She also notes that before the Civil War abortions were performed by midwives among Indigenous, European, and Black women, and that they were legal. When slavery ended though, those Black midwives suddenly became competition for white male doctors. Male gynecologists decided to change the narrative surrounding midwifery — and essentially women helping other women birth babies — in order to keep lining their own pockets. They went as far as to describe the ancestral practice of midwifery as barbaric and unhygienic, and with its demise as a common practice, so went the availability of safe and legal abortions across the country.

As moms and women, we have put up with it for too long. Women have helped other women through labor and delivery in non-hospital settings for all of time, and like a number of practices that have gone the wayside — at least for a time — in America thanks to racism, it’s at a detriment to women and their babies.

Latina midwives and doulas like Selena and Lydia are helping women reclaim their bodies and their births. Midwives and doulas can practice in home or hospital settings, they use modern tools and medicine when necessary and at the request of birthing mothers. The biggest difference is that they are there to serve you and to help you have a safe birthing experience in the best way for you.

“Birth became medicalized within the Latinx community because unfortunately Latinx people, like many minorities, don’t have a strong voice in this country,” says Lydia. “When white supremacy and misogyny took over the birth experience in America it took with it the Black birth experience and the Latinx birth experience…My goal as a doula and as a future provider is to bring the best of both birth cultures to create an incredible experience for my clients and eventually, my patients.”

Not only that, but midwives and doulas are accessible to nearly all women in America. Their services are not something that only well-off white women with a penchant for all things natural can enlist, as has become the perception in recent years. Selena tells us that one of her goals is for women to know that these services are available regardless of a woman’s financial situation. She deems them a necessity that all families deserve.

What’s the biggest hurdle keeping more BIPOC and Latina moms from using midwives and doulas? Knowledge. Both Lydia and Selena tell us that many women in the Latinx community don’t even know their services are available, despite how ubiquitous they are in many Latin American countries. Many expectant moms don’t feel comfortable asking questions of their healthcare providers or may find themselves frustrated by a language barrier.

“Many people don’t even know that they have a choice about where they can birth, who their provider is, and all the other options that are never presented to them,” says Selena. “Many people have this mindset that childbirth is a natural occurrence, and therefore they do not have to prepare for it; however, that cannot be further from the truth. In order to have an empowering birth, birthing people must be educated and aware of the many options that they have. “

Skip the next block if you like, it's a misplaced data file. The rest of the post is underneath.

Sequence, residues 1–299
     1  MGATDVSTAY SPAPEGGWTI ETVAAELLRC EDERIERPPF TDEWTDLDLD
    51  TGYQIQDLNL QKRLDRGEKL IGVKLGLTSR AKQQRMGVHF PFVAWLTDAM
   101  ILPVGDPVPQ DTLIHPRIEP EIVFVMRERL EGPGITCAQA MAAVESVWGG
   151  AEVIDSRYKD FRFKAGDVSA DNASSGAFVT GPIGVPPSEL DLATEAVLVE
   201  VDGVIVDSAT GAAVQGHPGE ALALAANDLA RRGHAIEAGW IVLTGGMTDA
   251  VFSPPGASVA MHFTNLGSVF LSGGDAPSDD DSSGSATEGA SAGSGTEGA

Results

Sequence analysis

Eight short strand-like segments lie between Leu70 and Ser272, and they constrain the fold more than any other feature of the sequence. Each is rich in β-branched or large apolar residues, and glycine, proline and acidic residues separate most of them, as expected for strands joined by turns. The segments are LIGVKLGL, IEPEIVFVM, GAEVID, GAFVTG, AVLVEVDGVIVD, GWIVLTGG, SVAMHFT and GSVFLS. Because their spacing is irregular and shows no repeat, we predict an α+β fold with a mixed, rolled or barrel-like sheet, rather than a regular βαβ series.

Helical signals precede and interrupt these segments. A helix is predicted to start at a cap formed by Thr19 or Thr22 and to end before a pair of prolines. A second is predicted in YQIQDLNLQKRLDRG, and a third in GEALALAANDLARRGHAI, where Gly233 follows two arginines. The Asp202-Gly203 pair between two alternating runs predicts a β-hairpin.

And the greatest benefit? Postpartum care. Midwives generally spend more time and give more personalized attention to expectant moms throughout pregnancy and labor and delivery, and doulas continue to care for their charges throughout the postpartum phase, which is not at all the norm in America. Most women don’t talk to their obstetrician again after their six-week or even the two-week postpartum checkup until they’re pregnant again.

“In Mexican culture, it is taboo to leave the house before you have healed, and being forced to bring your baby to a 3-5 day newborn check, then baby and yourself to a 2-week postpartum check go against traditional culture,” say Lydia. “I think an incredible way for midwives and doulas to help in the postpartum period is to meet the mothers/birthing people where they are,” she explains, noting that she thinks in-home postpartum visits make a huge difference for women.

The ritual of cuarentena, a common practice throughout LATAM where the mom recovers and bonds with her baby at home for the first 40 days, is one made that much easier with the help of a doula. In the U.S., which federally only provides 12 weeks of unpaid maternity leave, having a doula will at least make that time you have with your baby time you can truly spend bonding.

Depending on the state you live in and your health insurance plan, the services of midwives and doulas may be covered or reimbursed by your insurance. Typically, it is easier to get your insurance to cover a doula who is certified, so if you cannot pay out of pocket, be sure to ask any doula you interview about their certification prior to hiring them.

“As a doula my continuity of care does not stop at birth, it goes well into the first weeks a client is postpartum,” says Selena. “This is particularly important for me because once a baby is born, we often forget about the person who has just birthed this human! Doing things such as laundry, mental health check-ins, tidying up the home, and making a warm and nourishing meal are just some of the things that I do to ensure my families are healing properly.”